iGPU: What is it? The graphics integrated in the CPU explained






Integrated graphics (iGPU) refers to a GPU (Graphics Processing Unit) built into the same chassis as the CPU (Central Processing Unit). The iGPU is often frowned upon in enthusiast circles, but this approach to GPU design has many important benefits.

Modern computer graphics with high-resolution videos and detailed 3D rendering in video games and professional applications are a demanding task. Although a CPU can create (ie “render”) graphics, it does not provide the right architecture to do so quickly and efficiently. This is why there are graphics processing units (GPUs) that are designed from the ground up to do that kind of math to calculate the correct values ​​of millions of pixels tens or even hundreds of times per second. Every computer device, from PCs to smartphones, now comes with a built-in graphics processor.

The only computers that do not carry GPUs are so-called “headless” servers, which are remotely controlled and only perform work that is suitable for CPUs. Every computer that broadcasts an image to a monitor these days almost certainly has a specialized GPU on board.

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When buying a laptop or desktop computer, the spec sheet often states that the computer comes with an “integrated” or “dedicated” graphics card. There is one major difference between these two approaches to integrating a GPU into a computer: a dedicated GPU means that this solution has its own independent processor package. It also has its own cooling solution. Dedicated GPUs also have their own hardware for power management and storage. So a dedicated GPU is like having your own standalone computer.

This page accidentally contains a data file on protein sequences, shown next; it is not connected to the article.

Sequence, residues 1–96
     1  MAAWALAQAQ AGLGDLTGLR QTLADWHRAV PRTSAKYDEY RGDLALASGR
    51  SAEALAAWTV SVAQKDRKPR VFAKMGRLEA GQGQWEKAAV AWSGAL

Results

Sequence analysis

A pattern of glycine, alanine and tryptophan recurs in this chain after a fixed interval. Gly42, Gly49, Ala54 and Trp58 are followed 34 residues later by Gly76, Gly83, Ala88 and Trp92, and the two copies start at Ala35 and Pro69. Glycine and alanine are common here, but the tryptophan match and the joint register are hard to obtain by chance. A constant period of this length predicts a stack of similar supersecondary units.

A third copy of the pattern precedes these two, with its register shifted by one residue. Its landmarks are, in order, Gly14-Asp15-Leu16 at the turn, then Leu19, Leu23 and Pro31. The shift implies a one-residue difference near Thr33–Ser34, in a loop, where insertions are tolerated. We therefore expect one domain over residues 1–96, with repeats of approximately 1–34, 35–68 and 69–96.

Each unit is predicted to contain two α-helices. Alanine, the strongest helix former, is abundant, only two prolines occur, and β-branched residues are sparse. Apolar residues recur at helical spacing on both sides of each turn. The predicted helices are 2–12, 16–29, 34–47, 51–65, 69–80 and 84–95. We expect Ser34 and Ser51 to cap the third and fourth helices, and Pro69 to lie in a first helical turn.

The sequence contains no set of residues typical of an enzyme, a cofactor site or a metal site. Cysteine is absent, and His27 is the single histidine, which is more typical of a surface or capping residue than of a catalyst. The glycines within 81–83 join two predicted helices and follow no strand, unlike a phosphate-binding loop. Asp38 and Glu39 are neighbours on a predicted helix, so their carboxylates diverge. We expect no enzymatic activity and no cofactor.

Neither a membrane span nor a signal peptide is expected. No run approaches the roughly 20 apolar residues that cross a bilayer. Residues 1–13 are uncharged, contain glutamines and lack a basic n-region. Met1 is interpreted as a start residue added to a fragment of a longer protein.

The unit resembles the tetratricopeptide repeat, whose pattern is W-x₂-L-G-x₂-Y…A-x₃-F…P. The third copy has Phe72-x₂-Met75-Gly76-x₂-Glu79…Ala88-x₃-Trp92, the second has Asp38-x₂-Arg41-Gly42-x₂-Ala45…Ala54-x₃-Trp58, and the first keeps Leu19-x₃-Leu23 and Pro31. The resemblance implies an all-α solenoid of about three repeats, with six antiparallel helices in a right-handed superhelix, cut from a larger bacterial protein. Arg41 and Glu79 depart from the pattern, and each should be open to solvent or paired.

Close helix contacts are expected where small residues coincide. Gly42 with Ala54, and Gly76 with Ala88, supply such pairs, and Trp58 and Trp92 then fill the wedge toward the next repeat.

If you think about the Radeon graphics card here, you get an impression of the space you get with a PC that uses only integrated graphics (iGPU).  However, this is far less powerful for graphics tasks.

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If you think about the Radeon graphics card here, you get an impression of the space you get with a PC that uses only integrated graphics (iGPU). However, this is far less powerful for graphics tasks.

In a desktop computer, dedicated GPUs are placed on their own printed circuit board, commonly referred to as a graphics card. The card is inserted into the computer’s motherboard and often requires more power than the card slot can provide. Therefore, it is usually connected to the computer’s power supply via its own power connection from the power supply unit.

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An integrated graphics processor, on the other hand, must share everything with the CPU. For this reason, the term onboard GPU is often used here. The graphics unit is located directly in the processor housing, is cooled by the same cooling plate and uses the same system memory as the desktop processor. The motherboard provides the monitor output hardware, which allows you to connect a monitor, but the entire brain of the GPU is housed in the CPU.